tßv nsasftnyli to Taw Tribune.]
St. Louis, Oct. 1& — Degpftc th*» efforts
r,t the Wrights to keep secret until the
international aviation meet in New
York- the details of the new Wright rac
ine biplane, it was learned h^re to-day
from a man who had been in Dayton,
Ohio, recently, that it has been tested
and showed a speed of eighty miles an
hour.
It is described as being similar in s^n
oral lines to the biplane flown at the St.
Louis meet, without front elevators, but i
much smaller. It measures twenty-eight
f*>et from tip to tip. and the main sup
nortingr surfaces are much narrower
than usual. They are placed bo clo«e ;
tr.cether that there is barely room for '
the operator to sit between them it
h ", ar , eight-cylinder water cooled mo
tor of about 70 horsepower, whirh
drives V™ profilers a t higher er^ed
Jhan on the present biplane. The con
trol is practically the same as on the
slower machines.
Two of these rac^TT are now ,n, n the
■n- '*? factory a* E> a >' ton - It 18 report*-.).
?J* P *Vv will probably be driven at the
Seffi PW* ™«* by ArCh Ho-***
Walter Brooklrs.
JOHNSTONE FLIES 4.SOC FEET.
(V 1 w.— Ralph John -.tone, m
fit. l»uis. 'XL hed an altitude of
c Wright biplane. J^ nearer.
«^0 feet at th? *^^eJSxd«d with the
thlfl aftern^^ tbr uied . usaada
MSB.
NEW-YORK DAILY THim \K MONDAY. OCTOBER 17, ISttO.
BALLOONS MAKING READY
Aero Club of St. Louis Announces
Three New Cash Prizes.
St. Louis. Oct. 16.— 1n addition to the
James Gordon Bennett trophy, which poos
to the winner of the international balloon
race which starts from here at 4:30 o'clock
to-morrow afternoon, three prizes were an
nounced to-day by the Aero Club of St.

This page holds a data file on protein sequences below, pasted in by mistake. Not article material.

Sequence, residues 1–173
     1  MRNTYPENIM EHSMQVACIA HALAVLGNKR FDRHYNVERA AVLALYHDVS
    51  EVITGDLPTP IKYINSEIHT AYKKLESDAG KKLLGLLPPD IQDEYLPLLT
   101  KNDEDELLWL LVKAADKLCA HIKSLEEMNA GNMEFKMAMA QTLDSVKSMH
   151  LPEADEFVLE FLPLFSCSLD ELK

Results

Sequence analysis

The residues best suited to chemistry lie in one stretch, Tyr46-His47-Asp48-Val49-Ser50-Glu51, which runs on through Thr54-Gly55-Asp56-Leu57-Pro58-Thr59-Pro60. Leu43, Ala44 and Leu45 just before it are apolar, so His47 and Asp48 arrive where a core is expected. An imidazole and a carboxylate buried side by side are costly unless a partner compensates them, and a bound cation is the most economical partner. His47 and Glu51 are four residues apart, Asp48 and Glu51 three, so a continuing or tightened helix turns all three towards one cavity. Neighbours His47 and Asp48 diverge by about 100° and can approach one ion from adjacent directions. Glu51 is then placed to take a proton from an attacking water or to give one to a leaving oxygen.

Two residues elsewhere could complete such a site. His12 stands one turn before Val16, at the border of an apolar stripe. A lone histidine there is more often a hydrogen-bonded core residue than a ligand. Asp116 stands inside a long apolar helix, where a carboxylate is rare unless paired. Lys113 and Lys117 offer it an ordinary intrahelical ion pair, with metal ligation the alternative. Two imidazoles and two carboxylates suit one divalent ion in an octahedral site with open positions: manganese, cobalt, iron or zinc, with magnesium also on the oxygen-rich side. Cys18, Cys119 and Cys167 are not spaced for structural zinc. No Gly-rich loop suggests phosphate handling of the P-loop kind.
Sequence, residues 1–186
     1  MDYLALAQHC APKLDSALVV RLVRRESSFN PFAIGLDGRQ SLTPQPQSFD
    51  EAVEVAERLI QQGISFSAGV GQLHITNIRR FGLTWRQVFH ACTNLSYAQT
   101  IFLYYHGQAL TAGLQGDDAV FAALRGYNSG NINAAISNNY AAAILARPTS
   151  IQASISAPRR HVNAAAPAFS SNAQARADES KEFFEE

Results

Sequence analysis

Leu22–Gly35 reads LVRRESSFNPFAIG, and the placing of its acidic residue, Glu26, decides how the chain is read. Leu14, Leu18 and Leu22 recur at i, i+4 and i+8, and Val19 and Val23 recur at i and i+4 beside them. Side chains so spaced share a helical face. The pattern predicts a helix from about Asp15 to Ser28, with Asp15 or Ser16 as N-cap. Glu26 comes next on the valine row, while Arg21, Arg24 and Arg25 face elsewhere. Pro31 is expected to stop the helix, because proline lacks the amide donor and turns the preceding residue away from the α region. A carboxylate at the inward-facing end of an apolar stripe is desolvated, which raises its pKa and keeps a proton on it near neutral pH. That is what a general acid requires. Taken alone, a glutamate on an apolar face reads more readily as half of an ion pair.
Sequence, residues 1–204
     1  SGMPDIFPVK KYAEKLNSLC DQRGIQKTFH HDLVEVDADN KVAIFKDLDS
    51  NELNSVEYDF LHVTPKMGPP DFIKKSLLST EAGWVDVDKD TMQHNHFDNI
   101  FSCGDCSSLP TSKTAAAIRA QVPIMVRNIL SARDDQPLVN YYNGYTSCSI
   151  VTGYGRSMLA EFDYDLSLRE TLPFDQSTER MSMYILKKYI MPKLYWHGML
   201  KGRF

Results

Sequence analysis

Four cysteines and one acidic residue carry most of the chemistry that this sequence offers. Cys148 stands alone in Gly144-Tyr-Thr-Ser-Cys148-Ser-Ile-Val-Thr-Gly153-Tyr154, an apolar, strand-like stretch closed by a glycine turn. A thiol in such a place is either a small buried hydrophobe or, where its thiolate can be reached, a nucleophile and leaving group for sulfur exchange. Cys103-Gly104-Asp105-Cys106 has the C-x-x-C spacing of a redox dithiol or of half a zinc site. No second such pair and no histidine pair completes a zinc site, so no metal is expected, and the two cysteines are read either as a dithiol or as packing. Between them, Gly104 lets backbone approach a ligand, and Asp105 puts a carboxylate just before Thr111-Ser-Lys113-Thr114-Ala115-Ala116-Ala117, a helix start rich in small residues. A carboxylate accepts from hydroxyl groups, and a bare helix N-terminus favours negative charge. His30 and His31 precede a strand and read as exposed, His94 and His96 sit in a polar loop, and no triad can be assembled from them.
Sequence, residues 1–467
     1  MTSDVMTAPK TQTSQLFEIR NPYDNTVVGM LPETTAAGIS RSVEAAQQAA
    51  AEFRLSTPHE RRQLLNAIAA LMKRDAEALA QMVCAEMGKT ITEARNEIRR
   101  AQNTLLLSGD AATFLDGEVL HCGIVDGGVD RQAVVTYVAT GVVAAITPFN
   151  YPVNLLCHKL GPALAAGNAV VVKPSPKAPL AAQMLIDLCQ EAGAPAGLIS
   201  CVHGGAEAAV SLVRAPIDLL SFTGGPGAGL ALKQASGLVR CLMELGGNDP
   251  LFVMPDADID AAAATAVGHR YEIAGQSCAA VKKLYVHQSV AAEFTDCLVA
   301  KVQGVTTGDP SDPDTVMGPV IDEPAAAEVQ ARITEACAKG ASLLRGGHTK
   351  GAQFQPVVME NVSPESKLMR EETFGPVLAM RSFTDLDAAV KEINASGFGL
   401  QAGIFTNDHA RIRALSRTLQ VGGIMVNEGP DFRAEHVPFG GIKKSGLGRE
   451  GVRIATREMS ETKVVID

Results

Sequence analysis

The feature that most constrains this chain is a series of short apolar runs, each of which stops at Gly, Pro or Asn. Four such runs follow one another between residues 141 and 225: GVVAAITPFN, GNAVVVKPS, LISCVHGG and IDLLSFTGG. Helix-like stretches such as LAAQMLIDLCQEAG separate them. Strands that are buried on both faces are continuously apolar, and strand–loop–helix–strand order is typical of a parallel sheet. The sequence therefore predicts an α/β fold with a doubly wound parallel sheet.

Louis. which lias charge of local arrans'"-
second JT>OO and the thin! $250.
The ten balloons wen; laid out at the
aerodrome this afternoon, and the task of
inflating- them will besrin to-morrow morn
ing at. X o'clock. It had been the Intention
to start the inflation of the aerostats ihi*
afternoon, but the group of foreign pilots
jirntestt-d that there was danger of the c*
weakening if it stood in the envelope over
night.
tenant Hans Gericke. pilot of the
German balloon Dusseldorf, this afternoon
announced as his aid Samuel F. Perkins, of
New York. Mr. Perkins wit] William F.
Assman, of St. Louis, who is to act as aid
to Lieutenant Leopold Vogt. pilot or" th*>
German balloon Hamburg 111. makes two
Americans who will participate in the con
test, aside from the regular American en
trants.
;i> Yon Pbul, 'if Bt Louis, to-night
was nam<»d to tak*" the place <>f J. H.
Wail**, of Cleveland. Yon Phul finished
fourth In the r^-c^nt elimination contest at
Indianapolis. Yon I'hul announced tin* ap
p<>imtin-nt of Joseph M O'Reilly, of St.
as his ai'i. Th** balloon Million Pop
ulation Club will take t!»» place of the
B ii keye, Wade's bailonr..
Remember! This is the last day on
which you can file your protest against
Dix and Tammany Hali. A vote for
Stimson is a vote for decent government.
If you don't register to-day, the last day,
you will lose your vote. Get to the polls
early!
WESTCHESTERJNEEDS RAIN
Bright Moon Brings Gloom as
Water Supply Diminishes.
The appearance of a bright moon last
night after a partly cloudy day cast oom
over West ' ■■••- County, where many
townships are suffering from the lack of
water. For two months there has been no
rainfall lit Westcheater County, and a num
ber of reservoirs and lakes are entirely dry.
>: mil Vernon. through Mayor Edwin W.
Flske, has secured two weeks' additional
supply of water from New York City. This
xvater Is pumped into the mains of the New
RocheUe Water Company, and in return
for the amount of water metered the New
Rochelle Water Company tills the Mount
Vernon reservoirs with an equal amount
from its supply.
White Plains has only a few days" supply
left, and It also will have to call on New
York for a special supply of water.
Pieasantville reservoir contains only
enough 'water to furnish that village for
about five days, and no one knows where
it will get a new supply if the wells about
the town dry up.
North Tarrytown is also suffering from a
water famine, and the residents all over
the county are praying daily for rain.
Yonkers ha.s enough water in its reser
voirs to lasr about twelve days, and at the
en.i of that time it also will have t.> ask
aid from Sew York.
MAY CALL 400 WITNESSES
Defendant in Suit Wants Many
Engaged Couples in Court.
When former Chief Hlmm»l of the
Ro^kaway Beach Fire Department appears
in the Ist District Court in Manhattan this
morning to defend himself against a suit
for $110 instituted by Max Theilheimer.